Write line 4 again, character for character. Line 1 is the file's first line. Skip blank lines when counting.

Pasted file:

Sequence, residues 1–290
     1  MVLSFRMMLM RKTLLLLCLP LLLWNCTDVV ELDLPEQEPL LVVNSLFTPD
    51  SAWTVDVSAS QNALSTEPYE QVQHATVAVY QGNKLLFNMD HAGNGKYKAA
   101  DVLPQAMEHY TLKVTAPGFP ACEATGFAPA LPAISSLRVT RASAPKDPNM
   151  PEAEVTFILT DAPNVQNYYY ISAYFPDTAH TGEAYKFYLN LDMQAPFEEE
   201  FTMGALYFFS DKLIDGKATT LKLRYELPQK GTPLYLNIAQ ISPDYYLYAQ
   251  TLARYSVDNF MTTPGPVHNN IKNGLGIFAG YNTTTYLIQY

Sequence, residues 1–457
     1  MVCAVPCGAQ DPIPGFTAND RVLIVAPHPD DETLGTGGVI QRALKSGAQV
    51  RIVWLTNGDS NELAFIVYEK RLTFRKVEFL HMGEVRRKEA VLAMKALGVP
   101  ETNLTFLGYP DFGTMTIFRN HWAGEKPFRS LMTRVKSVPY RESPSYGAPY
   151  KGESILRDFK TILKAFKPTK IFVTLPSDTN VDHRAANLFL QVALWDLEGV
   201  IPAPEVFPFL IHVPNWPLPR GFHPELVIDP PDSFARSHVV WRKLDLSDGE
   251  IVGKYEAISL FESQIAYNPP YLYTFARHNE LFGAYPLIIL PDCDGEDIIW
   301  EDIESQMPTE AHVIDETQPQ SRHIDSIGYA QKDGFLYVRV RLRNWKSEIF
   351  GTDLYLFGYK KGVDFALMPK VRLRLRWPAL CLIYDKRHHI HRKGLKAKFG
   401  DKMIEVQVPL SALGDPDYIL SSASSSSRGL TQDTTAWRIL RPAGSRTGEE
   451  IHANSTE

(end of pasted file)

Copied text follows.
   101  DVLPQAMEHY TLKVTAPGFP ACEATGFAPA LPAISSLRVT RASAPKDPNM